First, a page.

Pinckneyville Community Hospital is the only rural, acute care hospital within a 50-mile radius to provide 3D mammography, hospital CEO Randall W. Dauby said in a news release earlier this month.

Dr. Robin Bierman, a radiologist at Clinical Radiology who provides radiology services at the hospital, said the technology is a more accurate way to check breasts. The system offers 3D screening, diagnostic and biopsy capabilities in every phase of the examination.

“The technology of 3D Mammography allows for fewer callbacks than with the two-dimensional scans. This means patients won’t have to experience the stress of making another appointment and waiting longer for results. Before now, individuals would have to travel outside of the county for this technology,” said Jennifer Barbour, hospital spokesperson.

The cost of the equipment was paid with a memorial gift from the William K. Crawford Jr. Trust that the hospital received at the end of last year.

“William Crawford was the president and chairman of Murphy-Wall Bank & Trust," Barbour said.

She added that Crawford was a silent contributor to many projects in and around Pinckneyville during his lifetime. Crawford died April 24, 2017, at the age of 96.

Making an appointment for the new 3D mammography is easy — call 618-357-5909. Appointments are available Monday through Friday. When calling, individuals are asked to have their insurance cards and phone numbers for their insurance company available, allowing hospital staff to check with insurance regarding coverage.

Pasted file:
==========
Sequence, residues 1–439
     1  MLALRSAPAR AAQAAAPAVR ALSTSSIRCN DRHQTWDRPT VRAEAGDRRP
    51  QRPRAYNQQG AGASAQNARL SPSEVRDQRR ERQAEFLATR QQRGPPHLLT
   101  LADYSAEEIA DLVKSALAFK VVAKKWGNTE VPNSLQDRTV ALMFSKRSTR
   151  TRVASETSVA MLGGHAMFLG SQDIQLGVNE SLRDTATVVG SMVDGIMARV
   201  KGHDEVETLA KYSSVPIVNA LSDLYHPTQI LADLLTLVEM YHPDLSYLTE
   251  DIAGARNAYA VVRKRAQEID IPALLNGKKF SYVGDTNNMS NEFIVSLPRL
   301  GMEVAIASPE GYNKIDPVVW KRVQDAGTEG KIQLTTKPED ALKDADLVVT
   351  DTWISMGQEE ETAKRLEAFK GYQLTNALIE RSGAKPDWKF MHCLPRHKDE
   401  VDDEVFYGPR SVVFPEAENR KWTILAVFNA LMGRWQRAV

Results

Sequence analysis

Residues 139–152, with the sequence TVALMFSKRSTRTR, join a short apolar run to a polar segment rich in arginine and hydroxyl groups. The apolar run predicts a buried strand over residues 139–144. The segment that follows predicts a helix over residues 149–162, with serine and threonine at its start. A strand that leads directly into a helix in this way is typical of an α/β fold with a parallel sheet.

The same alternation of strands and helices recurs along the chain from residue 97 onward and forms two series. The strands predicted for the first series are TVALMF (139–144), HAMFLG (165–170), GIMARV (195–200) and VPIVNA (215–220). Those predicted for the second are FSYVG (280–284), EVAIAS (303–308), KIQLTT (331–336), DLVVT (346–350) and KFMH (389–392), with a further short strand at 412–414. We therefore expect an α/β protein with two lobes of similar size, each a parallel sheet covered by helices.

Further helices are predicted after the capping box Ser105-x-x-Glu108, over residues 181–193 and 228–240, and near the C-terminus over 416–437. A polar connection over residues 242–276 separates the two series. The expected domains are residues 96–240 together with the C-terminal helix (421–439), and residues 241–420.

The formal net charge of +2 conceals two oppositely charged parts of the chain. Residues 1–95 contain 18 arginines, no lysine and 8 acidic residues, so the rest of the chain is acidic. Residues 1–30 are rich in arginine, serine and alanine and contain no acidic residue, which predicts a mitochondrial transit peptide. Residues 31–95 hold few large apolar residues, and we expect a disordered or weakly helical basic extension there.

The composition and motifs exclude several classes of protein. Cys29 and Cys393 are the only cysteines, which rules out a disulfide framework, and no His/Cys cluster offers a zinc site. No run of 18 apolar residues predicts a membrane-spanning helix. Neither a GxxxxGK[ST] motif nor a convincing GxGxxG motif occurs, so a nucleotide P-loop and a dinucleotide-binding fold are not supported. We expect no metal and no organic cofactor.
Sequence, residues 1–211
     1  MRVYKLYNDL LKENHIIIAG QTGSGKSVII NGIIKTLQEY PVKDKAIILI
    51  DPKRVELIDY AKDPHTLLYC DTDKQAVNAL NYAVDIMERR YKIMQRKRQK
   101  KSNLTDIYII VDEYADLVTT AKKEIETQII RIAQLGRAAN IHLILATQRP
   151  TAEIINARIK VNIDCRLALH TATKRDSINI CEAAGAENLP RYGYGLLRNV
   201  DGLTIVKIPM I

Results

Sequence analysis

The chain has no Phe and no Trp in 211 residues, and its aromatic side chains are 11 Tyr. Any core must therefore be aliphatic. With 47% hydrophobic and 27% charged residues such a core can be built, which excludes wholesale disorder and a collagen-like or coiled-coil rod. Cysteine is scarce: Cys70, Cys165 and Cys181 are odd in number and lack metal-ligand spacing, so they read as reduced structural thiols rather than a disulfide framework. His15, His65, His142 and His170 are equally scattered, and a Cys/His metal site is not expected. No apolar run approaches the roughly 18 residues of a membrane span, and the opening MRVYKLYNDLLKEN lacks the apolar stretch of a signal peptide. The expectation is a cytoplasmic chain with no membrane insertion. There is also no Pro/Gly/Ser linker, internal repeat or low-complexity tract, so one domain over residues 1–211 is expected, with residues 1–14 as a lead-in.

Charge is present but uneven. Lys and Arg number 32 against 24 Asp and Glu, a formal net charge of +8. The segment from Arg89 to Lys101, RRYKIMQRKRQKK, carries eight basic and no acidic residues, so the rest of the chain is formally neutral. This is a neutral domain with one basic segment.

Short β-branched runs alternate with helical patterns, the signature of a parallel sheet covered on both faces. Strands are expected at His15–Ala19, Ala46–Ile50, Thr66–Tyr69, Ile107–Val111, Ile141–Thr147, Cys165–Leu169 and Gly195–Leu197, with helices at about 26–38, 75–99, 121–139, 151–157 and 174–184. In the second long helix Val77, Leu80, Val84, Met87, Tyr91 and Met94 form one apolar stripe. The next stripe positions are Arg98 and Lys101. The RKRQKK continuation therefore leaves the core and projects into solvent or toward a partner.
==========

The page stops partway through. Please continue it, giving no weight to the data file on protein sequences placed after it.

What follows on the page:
Carbondale City Council discuss ideas for Bleyer Field, Walnut Baptist Church

CARBONDALE — The City Council discussed ideas on Tuesday surrounding city-owned property, the process in which it sells public property and the idea of bringing on an exclusive broker to list city property throughout the country.

The discussion started with Bleyer Field, which the city purchased in July 2016 from GELCO property management. The city purchased the 10.6 acre lot for $250,000. On Tuesday, the council discussed a concept for the property that included several single-family home sites. The idea was to seek input from council members for desired development so city staff could market the property, City Manager Gary Williams said.

The concern for additional housing was brought up by the council. Councilman Adam Loos said he would like to the surrounding neighborhood to weigh in on the process of what to do with the property.

“We are not asking for approval on this. This is just an idea,” Mayor Mike Henry said. “We are not going to develop this, some private developer (will).”

Williams said a developer could come in and purchase all of the lots, or half of the lots. A deal could be negotiated many ways.

“We were more focused on design and getting a feel for what everybody would like,” he said.

Councilwoman Jessica Bradshaw said she was concerned with the amount of homes for sale in the city already, adding that it doesn’t need any more rental property.

“I’d hate to see it get developed and then not sell,” she said.

Loos said it seems that the demand is not there at the moment.

“It’s good to get a plan together and have it on the shelf, but I would hate to see us put any kind of money into infrastructure until we are ready to roll on it,” he said. “Personally, I’d rather see that lower part (the track) be developed into a park.”

Walnut Street Baptist Church